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All Case Studies « Utilities »

Ofgem

www.ofgem.gov.uk

INDUSTRY: Utilities

BUSINESS: Office of the Gas and Electricity Markets protects UK consumers by regulating the monopoly companies running gas and electricity networks.

SCOPE: UK

SIZE: 700 employees

BUSINESS CHALLENGE: Improve the visibility of security threats to its IT infrastructure. Existing approaches to vulnerability management were fragmented and one-dimensional.

SOLUTION:

  • Qualys Vulnerability Management (VM)
  • Qualys Policy Compliance (PC)
  • Qualys Web Application Scanning (WAS)

WHY THEY CHOSE QUALYS:

  • Transparency: Qualys technologies provide a clear, timely view of vulnerabilities.
  • Ease of use: Automated scans and reports save time and effort for IT personnel.
  • Comprehensiveness: Qualys enables Ofgem to protect every element in the IT infrastructure.
Envelope Print

Deploying Comprehensive Security Measures and Enabling End-to-End Compliance in a Multi-Faceted Organisation

By deploying a suite of security solutions from Qualys, Ofgem has gained full visibility of and control over security and compliance issues across its infrastructure.
Ofgem home page

Ofgem – the Office of the Gas and Electricity Markets – is the body that protects UK consumers by regulating the monopoly companies which run the gas and electricity networks. Governed by the GEMA authority, Ofgem promotes competition between utility companies, monitors and promotes energy security, and contributes to the drive to curb climate change and reduce harmful greenhouse-gas emissions.


“Our approach to security was very one-dimensional in the past; with the Qualys suite, it’s much richer and broader, and rather than having a scattergun approach, we can target our resources.”


Bob Mann,
Chief Security Officer at Ofgem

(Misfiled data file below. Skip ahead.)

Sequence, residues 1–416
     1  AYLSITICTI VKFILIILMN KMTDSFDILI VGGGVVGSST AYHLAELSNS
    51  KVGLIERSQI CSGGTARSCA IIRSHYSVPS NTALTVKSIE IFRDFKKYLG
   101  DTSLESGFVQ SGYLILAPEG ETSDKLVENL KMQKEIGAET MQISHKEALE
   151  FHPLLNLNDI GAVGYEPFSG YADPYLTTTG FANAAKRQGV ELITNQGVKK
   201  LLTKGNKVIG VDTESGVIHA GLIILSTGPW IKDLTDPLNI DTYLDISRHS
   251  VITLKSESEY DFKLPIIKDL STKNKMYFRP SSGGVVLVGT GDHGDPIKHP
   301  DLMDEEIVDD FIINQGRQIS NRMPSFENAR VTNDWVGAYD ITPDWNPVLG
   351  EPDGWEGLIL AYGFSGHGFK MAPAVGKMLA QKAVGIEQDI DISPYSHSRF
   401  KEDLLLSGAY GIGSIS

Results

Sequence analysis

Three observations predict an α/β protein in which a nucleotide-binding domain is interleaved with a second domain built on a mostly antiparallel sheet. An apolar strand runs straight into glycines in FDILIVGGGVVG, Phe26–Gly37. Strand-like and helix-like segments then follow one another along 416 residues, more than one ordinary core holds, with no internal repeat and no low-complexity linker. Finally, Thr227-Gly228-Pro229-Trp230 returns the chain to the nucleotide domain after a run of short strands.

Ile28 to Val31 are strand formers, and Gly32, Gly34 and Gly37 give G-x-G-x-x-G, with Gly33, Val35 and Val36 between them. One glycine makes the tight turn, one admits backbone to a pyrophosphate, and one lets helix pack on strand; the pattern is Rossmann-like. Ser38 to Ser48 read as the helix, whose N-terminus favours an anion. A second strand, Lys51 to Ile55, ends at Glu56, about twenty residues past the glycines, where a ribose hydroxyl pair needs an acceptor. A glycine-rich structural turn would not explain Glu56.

Bob Mann

As part of its work in standing up for consumer rights, Ofgem has a duty to provide information and services for consumers, including a range of web-based tools. For example, members of the public can look up licensing information to check that a particular company is authorised to offer a particular service or government subsidy.


To improve the protection of sensitive data – both commercial and personal – across internal and external systems, Ofgem needed to increase its visibility and understanding of emerging security threats, and its ability to set and maintain effective security policies.


Protecting a Multi-Faceted Organisation

With approximately 500 servers – mostly virtual – in its infrastructure, and a user base that extends beyond the 700 employees to encompass potentially the entire UK population, Ofgem has its work cut out when it comes to ensuring security. Web applications in particular are subject to a broad and growing range of vulnerabilities, from SQL injection and cross-site scripting to PHP injection, code execution and cross-site request forgeries.


Equally, the company must ensure that workable security policies and standards are applied to servers, routers, switches, firewalls, desktops, laptops, printers and other end-points on the internal network. Finally, Ofgem undertakes numerous internal IT projects and software development projects, and must ensure appropriate security measures and security-aware coding throughout the full project and application development lifecycles.


First, Gain a Clear View

The old adage ‘if you can’t measure it, you can’t manage it’ was a fitting one for Ofgem. Without an enterprise-class toolset for monitoring and managing security vulnerabilities, the organisation lacked a clear view of the threats it was facing, let alone a structured way in which to address them.


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Bob Mann, Chief Security Officer at Ofgem, explains: “Against a backdrop of corporate obligations and government regulations, we have to make sure that we keep abreast of emerging security threats while remaining agile enough to deliver what the business needs. Those threats change on a daily basis; the best practice is to monitor what’s going on, and respond accordingly.”